Once kids hit the teenage years, they seem to tune out just about everything their parents have to say, but moms and dads can get through with a little persistence. According to another survey from MADD, teens whose parents view underage drinking as totally unacceptable are 80 percent less likely to drink compared to their peers whose parents are more lenient about it.

What are some things you can do to help your teen have a fun but safe time at prom?
  • Discuss rules for the celebrating: your own rules, the school rules, and the consequences for violating the rules.
  • Ask your teen for a complete itinerary for the evening, including where they'll be going before, during and after prom. If you have graduates, make sure you know where and when they will be celebrating. 
  • Take inventory of the alcohol in your home and secure it, if needed. In a survey by the American Medical Association, two out of three teens aged 13-18 said that it is easy to get alcohol from their homes without parents knowing about it. One-third responded that it is easy to obtain alcohol from their own parents knowingly, which increases to 40 percent when it is from a friend's parent. And one in four teens have attended a party where minors were drinking in front of parents. 
  • If you are hosting a post-prom or grad party, remember it is illegal to serve alcohol to minors. Some parents feel that hosting a house party where alcohol is served to minors is safer because they can control it. Allowing these parties is illegal, even with other parents’ consent. Hosts may be held responsible for consequences that result. Injuries and car accidents after such parent-hosted parties remind us that no parent can completely control the actions of intoxicated youth, during or after a party. And the main message children hear is that drinking illegally is okay.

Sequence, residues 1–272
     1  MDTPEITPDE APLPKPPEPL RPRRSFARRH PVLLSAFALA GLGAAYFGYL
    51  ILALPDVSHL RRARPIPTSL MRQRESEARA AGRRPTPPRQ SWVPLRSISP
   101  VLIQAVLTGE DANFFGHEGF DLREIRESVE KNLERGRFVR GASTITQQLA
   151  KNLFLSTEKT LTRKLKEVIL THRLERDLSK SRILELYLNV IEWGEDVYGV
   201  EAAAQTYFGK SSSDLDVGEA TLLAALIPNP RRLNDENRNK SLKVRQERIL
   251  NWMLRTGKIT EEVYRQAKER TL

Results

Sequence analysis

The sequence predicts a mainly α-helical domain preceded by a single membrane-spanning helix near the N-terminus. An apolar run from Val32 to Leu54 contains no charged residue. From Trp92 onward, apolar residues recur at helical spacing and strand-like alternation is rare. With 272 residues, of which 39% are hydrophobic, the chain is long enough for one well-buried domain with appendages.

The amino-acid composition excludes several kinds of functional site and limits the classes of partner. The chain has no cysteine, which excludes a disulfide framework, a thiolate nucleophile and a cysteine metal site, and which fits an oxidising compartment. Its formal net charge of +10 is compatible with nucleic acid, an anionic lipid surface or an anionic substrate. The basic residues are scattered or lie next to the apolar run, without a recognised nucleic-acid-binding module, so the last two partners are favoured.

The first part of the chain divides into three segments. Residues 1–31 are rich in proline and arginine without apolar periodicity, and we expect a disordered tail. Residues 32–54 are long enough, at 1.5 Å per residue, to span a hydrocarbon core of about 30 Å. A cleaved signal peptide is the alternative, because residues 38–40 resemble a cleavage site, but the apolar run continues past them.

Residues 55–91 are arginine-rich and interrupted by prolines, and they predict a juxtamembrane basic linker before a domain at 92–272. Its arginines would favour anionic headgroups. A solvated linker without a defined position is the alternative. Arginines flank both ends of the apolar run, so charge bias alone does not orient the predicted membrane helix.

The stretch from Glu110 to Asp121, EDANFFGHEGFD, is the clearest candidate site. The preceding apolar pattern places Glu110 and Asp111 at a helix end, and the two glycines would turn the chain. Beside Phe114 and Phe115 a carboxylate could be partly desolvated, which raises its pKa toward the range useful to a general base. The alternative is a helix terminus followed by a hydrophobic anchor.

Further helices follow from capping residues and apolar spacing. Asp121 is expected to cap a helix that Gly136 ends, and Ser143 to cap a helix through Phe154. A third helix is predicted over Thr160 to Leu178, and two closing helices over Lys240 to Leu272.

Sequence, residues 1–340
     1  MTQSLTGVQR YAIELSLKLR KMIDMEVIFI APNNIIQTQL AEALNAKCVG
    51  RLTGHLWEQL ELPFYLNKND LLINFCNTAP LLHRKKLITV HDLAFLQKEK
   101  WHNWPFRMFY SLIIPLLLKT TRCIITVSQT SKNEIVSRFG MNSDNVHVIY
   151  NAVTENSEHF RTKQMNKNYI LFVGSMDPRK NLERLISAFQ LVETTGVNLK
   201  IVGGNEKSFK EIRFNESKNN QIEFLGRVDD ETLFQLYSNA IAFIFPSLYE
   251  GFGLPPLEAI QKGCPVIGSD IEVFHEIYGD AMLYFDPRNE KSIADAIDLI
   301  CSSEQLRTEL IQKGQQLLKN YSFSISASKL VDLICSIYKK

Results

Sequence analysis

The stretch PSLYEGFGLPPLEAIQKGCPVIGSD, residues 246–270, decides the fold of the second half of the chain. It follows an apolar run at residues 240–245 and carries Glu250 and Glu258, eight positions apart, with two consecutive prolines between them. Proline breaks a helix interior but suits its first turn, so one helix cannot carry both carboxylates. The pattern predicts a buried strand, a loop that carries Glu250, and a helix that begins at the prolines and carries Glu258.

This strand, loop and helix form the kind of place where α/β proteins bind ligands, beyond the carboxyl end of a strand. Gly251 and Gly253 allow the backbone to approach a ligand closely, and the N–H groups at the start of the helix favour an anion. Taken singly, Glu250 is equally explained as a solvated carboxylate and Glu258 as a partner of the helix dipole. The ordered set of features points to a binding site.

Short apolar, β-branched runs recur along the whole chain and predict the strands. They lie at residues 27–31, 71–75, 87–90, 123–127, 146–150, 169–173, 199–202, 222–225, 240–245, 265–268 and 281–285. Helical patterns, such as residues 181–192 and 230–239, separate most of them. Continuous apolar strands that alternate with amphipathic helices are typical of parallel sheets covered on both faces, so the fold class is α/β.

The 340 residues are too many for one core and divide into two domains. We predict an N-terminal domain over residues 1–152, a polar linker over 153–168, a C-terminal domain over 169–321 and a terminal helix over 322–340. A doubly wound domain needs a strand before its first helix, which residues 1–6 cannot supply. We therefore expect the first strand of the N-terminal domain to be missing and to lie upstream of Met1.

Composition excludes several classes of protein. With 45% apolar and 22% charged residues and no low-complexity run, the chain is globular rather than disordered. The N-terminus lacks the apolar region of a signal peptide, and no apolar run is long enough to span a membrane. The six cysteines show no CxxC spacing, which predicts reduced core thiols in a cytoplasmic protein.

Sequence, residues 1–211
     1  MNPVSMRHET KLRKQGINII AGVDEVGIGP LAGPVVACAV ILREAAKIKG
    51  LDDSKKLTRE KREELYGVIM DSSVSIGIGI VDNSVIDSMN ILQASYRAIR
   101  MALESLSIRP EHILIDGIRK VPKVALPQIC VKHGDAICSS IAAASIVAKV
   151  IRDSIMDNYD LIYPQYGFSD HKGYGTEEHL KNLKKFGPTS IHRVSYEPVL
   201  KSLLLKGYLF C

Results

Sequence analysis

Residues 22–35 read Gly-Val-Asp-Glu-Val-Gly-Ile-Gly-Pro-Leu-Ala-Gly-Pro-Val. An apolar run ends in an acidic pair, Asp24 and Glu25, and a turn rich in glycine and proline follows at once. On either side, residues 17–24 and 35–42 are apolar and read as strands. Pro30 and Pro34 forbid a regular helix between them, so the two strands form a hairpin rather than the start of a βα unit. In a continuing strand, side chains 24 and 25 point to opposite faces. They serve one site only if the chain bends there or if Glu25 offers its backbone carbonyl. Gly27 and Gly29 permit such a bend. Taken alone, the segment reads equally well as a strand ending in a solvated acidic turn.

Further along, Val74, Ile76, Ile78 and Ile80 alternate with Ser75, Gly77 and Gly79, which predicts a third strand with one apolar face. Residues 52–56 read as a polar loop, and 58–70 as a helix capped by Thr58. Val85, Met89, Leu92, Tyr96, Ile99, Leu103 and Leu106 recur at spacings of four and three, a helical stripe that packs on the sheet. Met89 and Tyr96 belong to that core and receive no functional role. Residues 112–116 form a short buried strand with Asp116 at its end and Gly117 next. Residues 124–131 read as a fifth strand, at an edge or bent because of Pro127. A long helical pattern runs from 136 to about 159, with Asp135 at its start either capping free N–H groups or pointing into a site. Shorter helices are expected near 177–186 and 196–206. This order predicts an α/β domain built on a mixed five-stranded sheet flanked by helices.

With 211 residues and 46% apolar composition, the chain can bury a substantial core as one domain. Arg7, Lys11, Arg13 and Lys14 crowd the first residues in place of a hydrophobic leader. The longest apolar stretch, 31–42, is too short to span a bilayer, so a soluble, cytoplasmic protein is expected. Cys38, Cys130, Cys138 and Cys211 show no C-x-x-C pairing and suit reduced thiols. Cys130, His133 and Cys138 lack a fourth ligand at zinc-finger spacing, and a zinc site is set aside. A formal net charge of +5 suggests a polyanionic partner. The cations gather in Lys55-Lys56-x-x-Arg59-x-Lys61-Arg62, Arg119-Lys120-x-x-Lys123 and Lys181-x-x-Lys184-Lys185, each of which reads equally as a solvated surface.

• If your teen is riding in a limo, check the company’s policy on allowing alcohol in the vehicle. 
  • Do not rent hotel rooms or vacation rental properties for your teens. 
  • Communicate with other parents about prom-graduation plans. 
  • Reinforce that they should get help if they, or their friends are in trouble. Be available to provide a timely and safe ride home if needed. Let them know that they should call you if they need a ride home or get into a situation they know isn’t safe -- no matter what time it is, no matter where they are. 
  • Remind your teen that everyone has a camera these days. With security cameras, phone cameras and video cams everywhere, it is important your child realizes that they shouldn't do anything that might cause them embarrassment by ending up on Facebook or YouTube. Unfortunately, what ends up on the internet and social media, stays on the internet and can be shared with hundreds of people very quickly. Not to mention their future plans for college could be jeopardized. A college acceptance can be revoked for illegal behavior and for getting expelled from high school.
Just remember, if your teen breaks any rules on prom night make sure that they trust that he or she can call you, and that you will come and get him or her no matter what, with no questions asked. Assuring them that that his or her safety is what is most important in the end.